Stewart v. Ryan et al

Filing 12

ORDER Plaintiff's July 9, 2012 Motion for Extension of Time (Doc. 8 ) is granted; the Court will accept the August 16, 2012 First Amended Complaint as timely filed. Plaintiff's July 25, 2012 Motion for Emergency Court Order (Doc. 9 ) is denied. Plaintiff's First Amended Complaint (Doc. 11 ) and this action are dismissed for failure to state a claim, and the Clerk of Court must enter judgment accordingly. The Clerk of Court must make an entry on the docket stating that the d ismissal for failure to state a claim may count as a "strike" under 28 U.S.C. § 1915(g). The docket shall reflect that the Court certifies, pursuant to 28 U.S.C. § 1915(a)(3) and Federal Rules of Appellate Procedure 24(a)(3)(A), that any appeal of this decision would not be taken in good faith. Signed by Senior Judge Robert C Broomfield on 9/10/2012.(KMG)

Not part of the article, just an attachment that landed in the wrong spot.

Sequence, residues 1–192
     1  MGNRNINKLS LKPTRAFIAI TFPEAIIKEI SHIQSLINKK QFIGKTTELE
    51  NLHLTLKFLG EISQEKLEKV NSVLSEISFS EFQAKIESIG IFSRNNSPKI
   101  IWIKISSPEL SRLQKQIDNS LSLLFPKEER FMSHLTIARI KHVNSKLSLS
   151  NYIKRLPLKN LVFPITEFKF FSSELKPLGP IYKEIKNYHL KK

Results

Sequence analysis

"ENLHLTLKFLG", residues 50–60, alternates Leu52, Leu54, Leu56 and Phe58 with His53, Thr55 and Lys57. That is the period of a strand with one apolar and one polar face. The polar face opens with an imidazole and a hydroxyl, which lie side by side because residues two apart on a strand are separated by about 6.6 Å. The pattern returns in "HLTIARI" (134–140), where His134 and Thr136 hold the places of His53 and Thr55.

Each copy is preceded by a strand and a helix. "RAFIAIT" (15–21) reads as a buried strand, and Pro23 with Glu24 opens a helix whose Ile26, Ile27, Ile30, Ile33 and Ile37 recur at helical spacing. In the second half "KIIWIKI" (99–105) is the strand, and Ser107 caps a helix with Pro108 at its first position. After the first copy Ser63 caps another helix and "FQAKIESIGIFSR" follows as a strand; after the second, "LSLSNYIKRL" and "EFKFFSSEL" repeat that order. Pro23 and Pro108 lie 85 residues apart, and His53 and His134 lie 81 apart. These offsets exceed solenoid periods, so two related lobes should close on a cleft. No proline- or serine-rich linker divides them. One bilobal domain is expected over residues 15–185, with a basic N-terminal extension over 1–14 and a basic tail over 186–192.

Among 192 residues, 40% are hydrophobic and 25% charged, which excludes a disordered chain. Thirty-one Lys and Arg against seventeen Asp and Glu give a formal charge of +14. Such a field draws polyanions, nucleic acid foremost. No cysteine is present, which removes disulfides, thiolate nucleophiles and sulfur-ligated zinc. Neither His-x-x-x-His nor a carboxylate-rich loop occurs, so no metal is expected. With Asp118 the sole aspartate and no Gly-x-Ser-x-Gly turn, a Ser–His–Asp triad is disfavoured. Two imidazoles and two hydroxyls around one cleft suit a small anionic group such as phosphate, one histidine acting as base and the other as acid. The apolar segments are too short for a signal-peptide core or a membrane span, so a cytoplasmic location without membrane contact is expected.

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1 WO 2 3 4 5 6 IN THE UNITED STATES DISTRICT COURT 7 FOR THE DISTRICT OF ARIZONA 8 9 10 Thomas Stewart, Jr., 11 Plaintiff, 12 vs. 13 Charles L. Ryan, et al., 14 Defendants. ) ) ) ) ) ) ) ) ) ) No. CV 12-1163-PHX-RCB (LOA) ORDER 15 16 On May 31, 2012, Plaintiff Thomas Stewart, Jr., who is confined in the Arizona State 17 Prison Complex-Yuma, filed a pro se civil rights Complaint pursuant to 42 U.S.C. § 1983 18 and an Application to Proceed In Forma Pauperis. In a June 20, 2012 Order, the Court 19 granted the Application to Proceed and dismissed the Complaint because Plaintiff had failed 20 to state a claim. The Court gave Plaintiff 30 days to file an amended complaint that cured 21 the deficiencies identified in the Order. 22 On July 9, 2012, Plaintiff filed a Motion for Extension of Time to File First Amended 23 Complaint (Doc. 8). On August 16, 2012, Plaintiff filed his First Amended Complaint 24 (Doc. 11). The Court will grant the Motion for Extension of Time and accept the First 25 Amended Complaint as timely filed. The Court will dismiss the First Amended Complaint 26 and this action. 27 I. 28 Statutory Screening of Prisoner Complaints The Court is required to screen complaints brought by prisoners seeking relief against 1 a governmental entity or an officer or an employee of a governmental entity. 28 U.S.C. 2 § 1915A(a). The Court must dismiss a complaint or portion thereof if a plaintiff has raised 3 claims that are legally frivolous or malicious, that fail to state a claim upon which relief may 4 be granted, or that seek monetary relief from a defendant who is immune from such relief. 5 28 U.S.C. § 1915A(b)(1), (2). 6 A pleading must contain a “short and plain statement of the claim showing that the 7 pleader is entitled to relief.” Fed. R. Civ. P. 8(a)(2) (emphasis added). While Rule 8 does not 8 demand detailed factual allegations, “it demands more than an unadorned, the-defendant- 9 unlawfully-harmed-me accusation.” Ashcroft v. Iqbal, 129 S. Ct. 1937, 1949 (2009). 10 “Threadbare recitals of the elements of a cause of action, supported by mere conclusory 11 statements, do not suffice.” Id. 12 “[A] complaint must contain sufficient factual matter, accepted as true, to ‘state a 13 claim to relief that is plausible on its face.’” Id. (quoting Bell Atlantic Corp. v. Twombly, 14 550 U.S. 544, 570 (2007)). A claim is plausible “when the plaintiff pleads factual content 15 that allows the court to draw the reasonable inference that the defendant is liable for the 16 misconduct alleged.” Id. “Determining whether a complaint states a plausible claim for 17 relief [is] . . . a context-specific task that requires the reviewing court to draw on its judicial 18 experience and common sense.” Id. at 1950. Thus, although a plaintiff’s specific factual 19 allegations may be consistent with a constitutional claim, a court must assess whether there 20 are other “more likely explanations” for a defendant’s conduct. Id. at 1951. 21 But as the United States Court of Appeals for the Ninth Circuit has instructed, courts 22 must “continue to construe pro se filings liberally.” Hebbe v. Pliler, 627 F.3d 338, 342 (9th 23 Cir. 2010). A “complaint [filed by a pro se prisoner] ‘must be held to less stringent standards 24 than formal pleadings drafted by lawyers.’” Id. (quoting Erickson v. Pardus, 551 U.S. 89, 25 94 (2007) (per curiam)). 26 II. First Amended Complaint 27 In his three-count First Amended Complaint, Plaintiff sues the following Defendants: 28 Arizona Department of Corrections Director Charles Ryan; Yuma Complex Warden R. -2- 1 Bock; Deputy Wardens Franco and Bradley; Contract Paralegal Ulibarri; Corrections 2 Officers II Kofta, Cortez, Marcelletta, and Rodriguez; and Corrections Officers III Yanez, 3 Estrada, Wilcox, and Solis. 4 In Count I, Plaintiff alleges that his First, Eighth and Fourteenth Amendment rights 5 to access to the courts were denied when Defendants denied him phone calls to the courts and 6 wrongfully confiscated his law books and “Blackstone Career Institute Law educational legal 7 text books.” Plaintiff claims that denial of the books “deprived Plaintiff [of] the right to 8 access to the courts the [C]ourt of Appeals for the Ninth Circuit.” 9 In Count II, Plaintiff claims that his Eighth and Fourteenth Amendment due process 10 rights were violated when Defendant Estrada charged him with false disciplinary violations 11 and Defendant Bradley failed to correct the errors. 12 In Count III, Plaintiff alleges that Defendants Franco and Bradley violated his First, 13 Eighth, and Fourteenth Amendment rights by “allowing their staff member to deprive the 14 Plaintiff of the basic necessities to challenge his conviction and the right to communicate 15 with other prisoners to collect data.” Plaintiff also claims that Defendants failed to process 16 his grievances and that he has been charged with false disciplinary violations in retaliation 17 for exercising his First Amendment rights. 18 19 Plaintiff seeks money damages. III. Failure to State a Claim 20 A. 21 The right of meaningful access to the courts prohibits officials from actively 22 interfering with inmates’ attempts to prepare or file legal documents. Lewis v. Casey, 518 23 U.S. 343, 350 (1996). The right of access to the courts is only a right to bring petitions or 24 complaints to federal court and not a right to discover such claims or even to ligate them 25 effectively once filed with a court. Id. at 354. The right “guarantees no particular 26 methodology but rather the conferral of a capability–the capability of bringing contemplated 27 challenges to sentences or conditions of confinement before the courts.” Id. at 356. 28 Count I As a matter of standing, for an access-to-courts claim, a plaintiff must show that he -3- 1 suffered an “actual injury” with respect to contemplated litigation. Id. at 349. To show 2 actual injury with respect to contemplated litigation, the plaintiff must demonstrate that the 3 defendants’ conduct frustrated or impeded him from bringing to court a nonfrivolous claim 4 that he wished to present. Id. at 352-53. 5 “[T]he injury requirement is not satisfied by just any type of frustrated legal claim.” 6 Id. at 354. The right of access to the courts “does not guarantee inmates the wherewithal to 7 transform themselves into litigating engines capable of filing everything from shareholder 8 derivative actions to slip-and-fall claims.” Id. at 355. The nonfrivolous claim must be a 9 direct or collateral attack on the inmate’s sentence or a challenge to the conditions of his 10 confinement. Id. “Impairment of any other litigating capacity is simply one of the incidental 11 (and perfectly constitutional) consequences of conviction and incarceration.” Id. (emphasis 12 in original). 13 Although Plaintiff alleges that he was unable to telephone the court and that the 14 confiscation of his legal books prevented him from filing a pleading, Plaintiff has not alleged 15 an actual injury. Plaintiff has not alleged that Defendants prevented him from filing 16 documents with the court or that he was prevented from bringing a non-frivolous claim to 17 court. The Court will dismiss Count I for failure to state a claim. 18 B. Count II 19 In analyzing a due process claim, the Court must first decide whether Plaintiff was 20 entitled to any process, and if so, whether he was denied any constitutionally required 21 procedural safeguard. Liberty interests which entitle an inmate to due process are “generally 22 limited to freedom from restraint which, while not exceeding the sentence in such an 23 unexpected manner as to give rise to protection by the Due Process Clause of its own force, 24 nonetheless imposes atypical and significant hardship on the inmate in relation to the 25 ordinary incidents of prison life.” Sandin v. Conner, 515 U.S. 472, 484 (1995) (internal 26 citations omitted). 27 To determine whether an inmate is entitled to the procedural protections afforded by 28 the Due Process Clause, the Court must look to the particular restrictions imposed and ask -4- 1 whether they “‘present the type of atypical, significant deprivation in which a state might 2 conceivably create a liberty interest.’” Mujahid v. Meyer, 59 F.3d 931, 932 (9th Cir. 1995) 3 (quoting Sandin, 515 U.S. at 486). 4 comparison, but turns on the importance of the right taken away from the prisoner. See Carlo 5 v. City of Chino, 105 F.3d 493, 499 (9th Cir. 1997). To determine whether the sanctions are 6 atypical and a significant hardship, courts look to prisoner’s conditions of confinement, the 7 duration of the sanction, and whether the sanction will affect the duration of the prisoner’s 8 sentence. See Keenan v. Hall, 83 F.3d 1083, 1088-89 (9th Cir. 1996). “Atypicality” requires not merely an empirical 9 Plaintiff was not entitled to any due process procedural protections because he does 10 not allege that he suffered atypical and significant hardships as a result of his disciplinary 11 convictions. See Sandin, 515 U.S. at 475-76, 487 (30 days’ disciplinary segregation is not 12 atypical and significant); Smith v. Mensinger, 293 F.3d 641, 654 (3rd Cir. 2002) (seven 13 months of disciplinary confinement “does not, on its own, violate a protected liberty 14 interest”); Jones v. Baker, 155 F.3d 810 (6th Cir. 1998) (two and one-half years’ 15 administrative segregation is not atypical and significant); Rizzo v. Dawson, 778 F.2d 527, 16 530 (9th Cir. 1985) (prison authorities may change a prisoner’s “place of confinement even 17 though the degree of confinement may be different and prison life may be more disagreeable 18 in one institution than in another” without violating a prisoner’s due process rights); Lucero 19 v. Russell, 741 F.2d 1129 (9th Cir. 1984) (administrative transfer to maximum security 20 without a hearing does not infringe on any protected liberty interest). 21 In addition, to the extent that Plaintiff claims Defendant Bradley denied his grievances 22 regarding the false disciplinary charges, he has also failed to state a claim. The mere denial 23 of a grievance does not give rise to the inference of active unconstitutional behavior. Where 24 a defendant’s only involvement in the allegedly unconstitutional conduct is the denial of 25 administrative grievances, the failure to intervene on a prisoner’s behalf to remedy alleged 26 unconstitutional behavior does not amount to active unconstitutional behavior for purposes 27 of § 1983. Shehee v. Luttrell, 199 F.3d 295, 300 (6th Cir. 1999). 28 Accordingly, Plaintiff has failed to state a claim in Count II and the Court will dismiss -5- 1 this claim. 2 C. Count III 3 Although pro se pleadings are liberally construed, Haines v. Kerner, 404 U.S. 519, 4 520-21 (1972), conclusory and vague allegations will not support a cause of action. Ivey v. 5 Board of Regents of the University of Alaska, 673 F.2d 266, 268 (9th Cir. 1982). Further, 6 a liberal interpretation of a civil rights complaint may not supply essential elements of the 7 claim that were not initially pled. Id. Plaintiff’s allegations in Count III are extremely 8 vague. 9 To the extent that Plaintiff claims he was prohibited from communicating freely with 10 other inmates, he has failed to state a claim. Imprisonment does not automatically deprive 11 a prisoner of First Amendment rights, but imprisonment does permit greater restriction of 12 such rights than would be the case elsewhere. Beard v. Banks, 548 U.S. 521, 528 (2006). 13 Courts owe “‘substantial deference” to the professional judgment of prison administrators.’” 14 Id. (quoting Overton v. Bazzetta, 539 U.S. 126, 132 (2003)). “[R]estrictive regulations are 15 permissible if they are “‘reasonably related’ to legitimate penological interests . . . and are 16 not an ‘exaggerated response’” to such objectives.” Id. (quoting Turner v. Safley, 482 U.S. 17 78, 87 (1987)). “Prevention of criminal activity and the maintenance of prison security are 18 legitimate penological interests.” O’Keefe v. Van Boening, 82 F.3d 322, 326 (9th Cir.1996); 19 see, e.g., Witherow v. Paff, 52 F.3d 264, 265 (9th Cir. 1995) (per curiam) (noting that 20 security, order, and rehabilitation are legitimate penological interests which justify the 21 inspection of outgoing prisoner mail). 22 23 Plaintiff has not alleged facts showing that Defendants regulated his speech without a legitimate penological interest. 24 To the extent that Plaintiff claims Defendant Garcia retaliated against him, he as also 25 failed to state a claim. A viable claim of First Amendment retaliation contains five basic 26 elements: (1) an assertion that a state actor took some adverse action against an inmate (2) 27 because of (3) that prisoner’s protected conduct, and that such action (4) chilled the inmate’s 28 exercise of his First Amendment rights (or that the inmate suffered more than minimal harm) -6- 1 and (5) did not reasonably advance a legitimate correctional goal. Rhodes v. Robinson, 408 2 F.3d 559, 567-68 (9th Cir. 2005); see also Hines v. Gomez, 108 F.3d 265, 267 (9th Cir. 1997) 3 (retaliation claims requires an inmate to show (1) that the prison official acted in retaliation 4 for the exercise of a constitutionally protected right, and (2) that the action “advanced no 5 legitimate penological interest”). The plaintiff has the burden of demonstrating that his 6 exercise of his First Amendment rights was a substantial or motivating factor behind the 7 defendants’ conduct. Mt. Healthy City School Dist. Bd. of Educ. v. Doyle, 429 U.S. 274, 8 287 (1977); Soranno’s Gasco, Inc. v. Morgan, 874 F.2d 1310, 1314 (9th Cir. 1989). 9 Plaintiff claims that Defendant Garcia issued a disciplinary ticket to Plaintiff for 10 inappropriate language because he overheard Plaintiff telling another inmate “fuck ADOC’s 11 policies, and to fuck the person who’s responsible for their policies refer[r]ing to Charles 12 Ryan.” Plaintiff has not alleged that he was retaliated against for the exercise of a 13 constitutional right, that he suffered more than minimal harm, or that Defendant Garcia’s 14 action did not reasonably advance a legitimate penological goal. Plaintiff has failed state a claim in Count III, and the Court will dismiss Count III. 15 16 IV. Dismissal without Leave to Amend 17 Because Plaintiff has failed to state a claim in his First Amended Complaint, the Court 18 will dismiss the First Amended Complaint. “Leave to amend need not be given if a 19 complaint, as amended, is subject to dismissal.” Moore v. Kayport Package Express, Inc., 20 885 F.2d 531, 538 (9th Cir. 1989). The Court’s discretion to deny leave to amend is 21 particularly broad where Plaintiff has previously been permitted to amend his complaint. 22 Sisseton-Wahpeton Sioux Tribe v. United States, 90 F.3d 351, 355 (9th Cir. 1996). Repeated 23 failure to cure deficiencies is one of the factors to be considered in deciding whether justice 24 requires granting leave to amend. Moore, 885 F.2d at 538. 25 The Court finds that Plaintiff’s claims cannot be cured by further amendment. 26 Therefore, the Court, in its discretion, will dismiss Plaintiff’s First Amended Complaint 27 without leave to amend. 28 ... -7- 1 V. Motion for Emergency Court Order 2 On July 25, 2012, Plaintiff filed a Motion for Emergency Court Order in which he 3 asks that the Court order Defendants to provide him with photocopies for his habeas case. 4 In light of the Court’s dismissal of this action, the Court will deny as moot the Motion for 5 Emergency Order. 6 IT IS ORDERED: 7 8 9 10 11 12 13 14 15 (1) Plaintiff’s July 9, 2012 Motion for Extension f Time (Doc. 8) is granted; the Court will accept the August 16, 2012 First Amended Complaint as timely filed. (2) Plaintiff’s July 25, 2012 Motion for Emergency Court Order (Doc. 9) is denied. (3) Plaintiff’s First Amended Complaint (Doc. 11) and this action are dismissed for failure to state a claim, and the Clerk of Court must enter judgment accordingly. (4) The Clerk of Court must make an entry on the docket stating that the dismissal for failure to state a claim may count as a “strike” under 28 U.S.C. § 1915(g). (5) The docket shall reflect that the Court certifies, pursuant to 28 U.S.C. 16 § 1915(a)(3) and Federal Rules of Appellate Procedure 24(a)(3)(A), that any appeal of this 17 decision would not be taken in good faith. 18 DATED this 10th day of September, 2012. 19 20 21 22 23 24 25 26 27 28 -8-